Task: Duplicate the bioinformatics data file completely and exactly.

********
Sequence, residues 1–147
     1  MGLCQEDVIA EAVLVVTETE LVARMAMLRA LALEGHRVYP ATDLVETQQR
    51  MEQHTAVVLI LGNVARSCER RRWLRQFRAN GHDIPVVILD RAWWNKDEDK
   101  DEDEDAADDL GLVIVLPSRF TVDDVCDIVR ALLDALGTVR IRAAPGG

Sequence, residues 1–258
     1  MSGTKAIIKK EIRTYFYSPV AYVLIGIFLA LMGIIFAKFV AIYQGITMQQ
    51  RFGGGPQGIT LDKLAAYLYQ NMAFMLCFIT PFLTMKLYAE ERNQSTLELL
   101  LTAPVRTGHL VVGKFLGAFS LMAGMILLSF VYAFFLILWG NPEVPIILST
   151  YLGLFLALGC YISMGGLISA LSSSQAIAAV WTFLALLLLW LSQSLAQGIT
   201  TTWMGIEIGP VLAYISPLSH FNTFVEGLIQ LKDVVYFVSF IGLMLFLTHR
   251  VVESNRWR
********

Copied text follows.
Sequence, residues 1–147
     1  MGLCQEDVIA EAVLVVTETE LVARMAMLRA LALEGHRVYP ATDLVETQQR
    51  MEQHTAVVLI LGNVARSCER RRWLRQFRAN GHDIPVVILD RAWWNKDEDK
   101  DEDEDAADDL GLVIVLPSRF TVDDVCDIVR ALLDALGTVR IRAAPGG

Sequence, residues 1–258
     1  MSGTKAIIKK EIRTYFYSPV AYVLIGIFLA LMGIIFAKFV AIYQGITMQQ
    51  RFGGGPQGIT LDKLAAYLYQ NMAFMLCFIT PFLTMKLYAE ERNQSTLELL
   101  LTAPVRTGHL VVGKFLGAFS LMAGMILLSF VYAFFLILWG NPEVPIILST
   151  YLGLFLALGC YISMGGLISA LSSSQAIAAV WTFLALLLLW LSQSLAQGIT
   201  TTWMGIEIGP VLAYISPLSH FNTFVEGLIQ LKDVVYFVSF IGLMLFLTHR
   251  VVESNRWR